Football Friends Online – When 90 Mins Is Not EnoughDoes a 'manager's transfer window' make sense? - Football Friends Online - When 90 Mins Is Not Enough Does a 'manager's transfer window' make sense? - Football Friends Online - When 90 Mins Is Not Enough

Does a ‘manager’s transfer window’ make sense?

In a week where current Blackpool boss Paul Ince has stated a transfer window for managers is needed in the modern game this article will consider the pro’s and con’s for such a window.

Firstly I can only agree with Ince that rampant short-termism in football, especially as far as the man in the dugouts is concerned is spiralling out of all control and could prevent talented young coaches breaching the gap and becoming a first team manager. Such an attitude in the modern game certainly contradicts the work done at sites such as St George’s Park in developing young coaches.

However a manager’s transfer window is not the answer.

Why? There are three key reasons why. Firstly it could arguably be seen as embracing the short-termism attitude that has arisen in the modern game. Any side could lose any given manager in any upcoming transfer window. This arguably does not logically solve a problem that needs a much greater solution and doesn’t look too dissimilar to the current situation.

Secondly: when could such a window take place? If it was to take place at the same time as a player’s transfer window there could be no consistency or long term-plan when the man currently buying the players to build ‘his’ team could leave tomorrow. Transfer windows take place at different times across the world. It is almost common knowledge to British football fans that foreign leagues such as Russia conduct their transfer window differently to the Premier League’s. If a club was to lose its manager to such a foreign league outside of its own transfer window what kind of precedent would that set? How could consistency be achieved that way?

Thirdly: what would the going rate be for a Paul Ince? Or, respectively, for a bigger managerial name such as wandering Jose Mourinho or Vicente del Bosque? What price would a club have to pay in order to secure a big name signing and how could that be encouraging a Financial Fair Play attitude that has been introduced for the first time during the current 2012-13 Premier League campaign? Roman Abramovich secured the services of Andre Villas-Boas for a figure in the region of £13 million back in June 2011. What’s to say that the price of managers wouldn’t rise over the next few decades in the manner player’s values have skyrocketed beyond unrecognisable figures during modern times?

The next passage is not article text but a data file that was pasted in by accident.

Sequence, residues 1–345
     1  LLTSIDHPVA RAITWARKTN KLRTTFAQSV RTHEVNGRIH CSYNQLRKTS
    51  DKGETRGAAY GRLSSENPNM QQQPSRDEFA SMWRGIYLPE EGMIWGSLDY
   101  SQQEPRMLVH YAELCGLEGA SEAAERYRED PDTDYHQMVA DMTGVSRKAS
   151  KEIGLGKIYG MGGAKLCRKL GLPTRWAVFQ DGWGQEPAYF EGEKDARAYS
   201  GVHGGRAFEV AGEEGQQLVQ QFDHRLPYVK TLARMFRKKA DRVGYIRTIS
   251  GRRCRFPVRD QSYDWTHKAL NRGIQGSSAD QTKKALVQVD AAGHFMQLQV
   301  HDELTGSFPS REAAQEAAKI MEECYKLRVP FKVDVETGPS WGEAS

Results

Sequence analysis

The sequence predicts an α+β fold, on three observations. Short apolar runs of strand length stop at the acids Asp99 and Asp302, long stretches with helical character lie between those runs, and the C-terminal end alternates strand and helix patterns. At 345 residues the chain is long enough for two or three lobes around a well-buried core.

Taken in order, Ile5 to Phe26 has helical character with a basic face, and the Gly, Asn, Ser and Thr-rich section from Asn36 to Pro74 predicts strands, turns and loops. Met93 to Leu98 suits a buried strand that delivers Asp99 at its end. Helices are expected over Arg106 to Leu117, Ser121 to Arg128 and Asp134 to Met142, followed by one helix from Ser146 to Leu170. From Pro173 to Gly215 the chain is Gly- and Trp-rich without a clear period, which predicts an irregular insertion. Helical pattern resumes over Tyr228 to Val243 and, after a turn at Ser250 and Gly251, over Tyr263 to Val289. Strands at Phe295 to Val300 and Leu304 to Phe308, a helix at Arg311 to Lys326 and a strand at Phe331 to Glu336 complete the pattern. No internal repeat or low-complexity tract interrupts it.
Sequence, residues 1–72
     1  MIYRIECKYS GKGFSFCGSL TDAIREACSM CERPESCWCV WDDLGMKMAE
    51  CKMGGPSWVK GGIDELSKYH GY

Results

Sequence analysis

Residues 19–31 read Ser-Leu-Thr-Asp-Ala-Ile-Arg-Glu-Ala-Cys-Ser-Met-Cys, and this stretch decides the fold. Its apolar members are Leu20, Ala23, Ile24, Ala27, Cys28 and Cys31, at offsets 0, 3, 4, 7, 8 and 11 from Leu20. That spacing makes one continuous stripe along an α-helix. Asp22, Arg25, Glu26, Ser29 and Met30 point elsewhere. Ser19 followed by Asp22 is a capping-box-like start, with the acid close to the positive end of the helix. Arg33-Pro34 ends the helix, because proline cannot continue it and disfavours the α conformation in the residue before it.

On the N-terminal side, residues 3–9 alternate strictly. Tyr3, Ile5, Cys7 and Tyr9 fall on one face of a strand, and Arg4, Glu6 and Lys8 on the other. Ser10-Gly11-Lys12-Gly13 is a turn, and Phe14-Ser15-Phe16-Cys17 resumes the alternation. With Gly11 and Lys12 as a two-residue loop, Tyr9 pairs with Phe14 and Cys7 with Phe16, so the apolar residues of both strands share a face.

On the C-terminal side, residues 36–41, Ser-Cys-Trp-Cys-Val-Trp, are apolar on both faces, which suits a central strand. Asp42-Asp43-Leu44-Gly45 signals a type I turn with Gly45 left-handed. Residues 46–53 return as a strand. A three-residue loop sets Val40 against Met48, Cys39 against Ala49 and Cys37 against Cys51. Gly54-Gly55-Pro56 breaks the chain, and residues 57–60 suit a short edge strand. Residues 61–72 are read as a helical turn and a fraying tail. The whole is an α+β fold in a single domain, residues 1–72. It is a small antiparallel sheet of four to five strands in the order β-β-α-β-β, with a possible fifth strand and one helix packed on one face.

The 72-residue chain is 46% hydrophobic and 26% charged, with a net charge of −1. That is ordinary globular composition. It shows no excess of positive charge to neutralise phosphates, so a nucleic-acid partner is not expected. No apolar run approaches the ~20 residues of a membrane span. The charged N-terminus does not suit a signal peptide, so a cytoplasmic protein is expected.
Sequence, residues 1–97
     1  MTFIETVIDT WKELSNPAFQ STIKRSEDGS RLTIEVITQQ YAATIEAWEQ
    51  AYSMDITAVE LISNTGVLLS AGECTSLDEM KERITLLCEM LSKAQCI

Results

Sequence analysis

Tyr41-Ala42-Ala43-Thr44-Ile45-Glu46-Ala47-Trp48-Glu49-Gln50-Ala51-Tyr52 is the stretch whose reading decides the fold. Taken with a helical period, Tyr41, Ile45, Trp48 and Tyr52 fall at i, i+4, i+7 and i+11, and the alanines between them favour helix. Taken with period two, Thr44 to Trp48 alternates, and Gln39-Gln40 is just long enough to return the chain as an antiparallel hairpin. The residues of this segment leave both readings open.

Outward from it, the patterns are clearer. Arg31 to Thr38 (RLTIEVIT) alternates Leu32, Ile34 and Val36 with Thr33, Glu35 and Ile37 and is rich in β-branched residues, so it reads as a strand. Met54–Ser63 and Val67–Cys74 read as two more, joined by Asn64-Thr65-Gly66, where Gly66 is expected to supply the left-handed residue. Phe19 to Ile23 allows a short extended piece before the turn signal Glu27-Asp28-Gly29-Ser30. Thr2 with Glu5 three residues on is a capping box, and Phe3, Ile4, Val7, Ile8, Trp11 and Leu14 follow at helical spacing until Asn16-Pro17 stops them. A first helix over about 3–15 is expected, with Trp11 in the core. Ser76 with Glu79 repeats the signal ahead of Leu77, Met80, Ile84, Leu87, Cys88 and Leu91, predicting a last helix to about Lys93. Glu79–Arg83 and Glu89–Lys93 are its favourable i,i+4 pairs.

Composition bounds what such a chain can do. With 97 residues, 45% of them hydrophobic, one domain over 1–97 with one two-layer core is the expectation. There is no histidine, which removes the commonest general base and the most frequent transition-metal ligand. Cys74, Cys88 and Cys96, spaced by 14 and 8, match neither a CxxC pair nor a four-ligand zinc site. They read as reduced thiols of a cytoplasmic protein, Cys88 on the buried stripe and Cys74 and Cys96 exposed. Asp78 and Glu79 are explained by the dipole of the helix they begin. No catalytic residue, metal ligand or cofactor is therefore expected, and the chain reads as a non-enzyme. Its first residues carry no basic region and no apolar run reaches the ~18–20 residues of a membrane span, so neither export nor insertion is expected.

So then what is the solution? Luckily enough that is not for some football writer like me to decide but the Premier League, Football League Association and the League Manager’s Association if indeed they wish to eradicate this problem. Arguably the solution must begin with the managers themselves. They must be not only offered suitable time to run a club and offered more long term-contracts in the mould that has been offered to Newcastle boss Alan Pardew but they must also be less willing to jump ship and into the graves of their colleagues. Paul Ince himself has replaced Michael Appleton who lasted a meagre 65 days at Blackpool not through boardroom pressure but through choice.

Players and managers are two very different types of staff within a football club. A lazy one size fits all solution following the impact of the player’s transfer window is clearly not the answer if the problem is to be addressed in the right attitude, with the right results in the end.

Tomos Llewellyn @tomllew